Tag Archives: social business

The Business Case for Social Media Keeps Growing

Last month, I updated a previous post about the importance of earned media to your SEO strategy. And at the rate  social media changes, looks like I have another reason to post an update on how the business case for social media keeps growing.

This morning I was reading Media Bistro’s All Twitter article abut how hugely important social media signals are to a strong SEO ranking. Not just important, but hugely important.  No surprises here, but I think the article does have some awesome nuggets to share.

  • Seven of the top ten important SEO rankings come for social media (debatable, but I think the author provides some good assertions)
  • Several technical factors play a role in SEO: length of url, position of key words, etc.
  • Quality Content is still important.

You can check out the image.

All of this is to say, that I love articles that say what you already know. Social media is not a nice to have, but a necessity. I think at the speed in which social media is growing is scary, perhaps fearful, but that’s why you need to embrace change now.

This is why folks are fighting for corporate change in their organizations to be more social. And let’s be clear, being a social business is not just about marketing, it is about the whole business. Be the disruptive change or diva in your organization to usher social media into the business. You will need to start small because change is hard, but the reward is huge. Rewards for businesses who get that social media is more than just clicks and likes, will be:

  • More profitable. (think Zappos)
  • Better connected with their clients and prospects
  • Mostly have better internal engagement with employees
  • Understanding of real time trends

Nobody wants to say no to more profits, but sometimes infusing this type of change takes a long, long time. It takes planning, strategy, bravery, and guts to get this done. Are you up for the challenge?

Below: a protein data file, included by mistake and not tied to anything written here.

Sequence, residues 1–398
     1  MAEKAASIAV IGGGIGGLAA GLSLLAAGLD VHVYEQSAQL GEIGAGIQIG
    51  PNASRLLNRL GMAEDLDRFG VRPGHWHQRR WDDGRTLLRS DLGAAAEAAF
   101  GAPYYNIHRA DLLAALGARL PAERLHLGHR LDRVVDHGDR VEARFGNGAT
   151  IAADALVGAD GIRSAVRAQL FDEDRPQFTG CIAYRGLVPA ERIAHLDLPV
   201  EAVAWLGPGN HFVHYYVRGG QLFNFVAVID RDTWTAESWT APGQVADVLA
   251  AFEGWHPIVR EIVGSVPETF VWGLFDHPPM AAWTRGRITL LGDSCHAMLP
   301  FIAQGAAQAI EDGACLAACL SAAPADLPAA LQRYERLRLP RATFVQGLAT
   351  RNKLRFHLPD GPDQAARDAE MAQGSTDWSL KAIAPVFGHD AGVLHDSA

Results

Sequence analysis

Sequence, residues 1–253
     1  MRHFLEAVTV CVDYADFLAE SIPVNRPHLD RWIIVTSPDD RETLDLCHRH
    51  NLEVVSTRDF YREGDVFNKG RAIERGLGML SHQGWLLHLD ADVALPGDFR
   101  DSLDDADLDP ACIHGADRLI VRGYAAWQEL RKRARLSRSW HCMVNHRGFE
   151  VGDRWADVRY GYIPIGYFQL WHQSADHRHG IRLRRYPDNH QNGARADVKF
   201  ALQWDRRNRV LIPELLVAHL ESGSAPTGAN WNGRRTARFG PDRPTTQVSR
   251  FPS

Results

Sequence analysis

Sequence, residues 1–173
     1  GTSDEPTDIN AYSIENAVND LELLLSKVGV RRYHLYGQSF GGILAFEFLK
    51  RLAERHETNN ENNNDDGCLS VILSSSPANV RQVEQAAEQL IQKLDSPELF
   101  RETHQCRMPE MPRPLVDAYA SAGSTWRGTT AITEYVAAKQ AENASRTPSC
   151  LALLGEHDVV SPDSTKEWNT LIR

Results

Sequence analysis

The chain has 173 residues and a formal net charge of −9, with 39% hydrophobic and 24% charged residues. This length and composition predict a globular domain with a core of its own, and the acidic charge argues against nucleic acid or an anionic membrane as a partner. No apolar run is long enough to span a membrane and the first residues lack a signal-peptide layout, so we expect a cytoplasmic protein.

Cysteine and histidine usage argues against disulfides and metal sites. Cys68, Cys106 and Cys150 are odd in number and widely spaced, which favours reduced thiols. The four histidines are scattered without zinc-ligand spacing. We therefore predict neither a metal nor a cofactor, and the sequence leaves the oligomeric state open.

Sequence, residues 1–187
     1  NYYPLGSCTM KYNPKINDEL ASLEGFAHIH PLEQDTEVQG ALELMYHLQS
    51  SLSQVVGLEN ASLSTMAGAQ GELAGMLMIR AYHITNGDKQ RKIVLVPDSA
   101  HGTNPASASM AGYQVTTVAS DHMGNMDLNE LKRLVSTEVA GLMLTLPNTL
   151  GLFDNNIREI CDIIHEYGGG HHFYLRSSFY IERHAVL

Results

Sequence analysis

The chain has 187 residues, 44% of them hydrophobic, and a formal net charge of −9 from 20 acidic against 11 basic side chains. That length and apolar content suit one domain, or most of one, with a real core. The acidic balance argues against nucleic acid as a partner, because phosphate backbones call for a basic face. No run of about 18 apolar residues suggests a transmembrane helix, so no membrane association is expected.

Advertisements

Fun Fact Fridays: How Content Creation Helped Create Corporate Change

While preparing for a speaking proposal last month, I pulled together case studies how content creation can help start a quiet revolution for corporate change. I am a big believer that everyone in your organization has the potential to help promote the brand. Over time, employees’ contribution to content will be more important than what is said in your media release or company’s newsletters. But, this is a huge shift on how most business are operating today. Often times the employee is an untapped resource when it comes to content and social media.

Challenges of Building Social Business

There are a lot of conversations about how company today need to preparing for Web 3.0.  While there are many articles about this topic, one that I found as an awesome resource is from the Altimeter group on the challenges corporate social strategists are facing with bring social to their business.  Anyone interested in social and how to bring it to your company should read it.

The report outline challenges that I had experience when building my current organization’s social strategy. Most organizations are still struggling how to use social media and control its brand on those channels.  I would say many social strategists already know that the paradigm of control is already shifting. Specific to public relations and social, I spoke about the important of earn media a few weeks ago and its impact.

Image from Walker Zine (UK)

Image from Walker Zine (UK)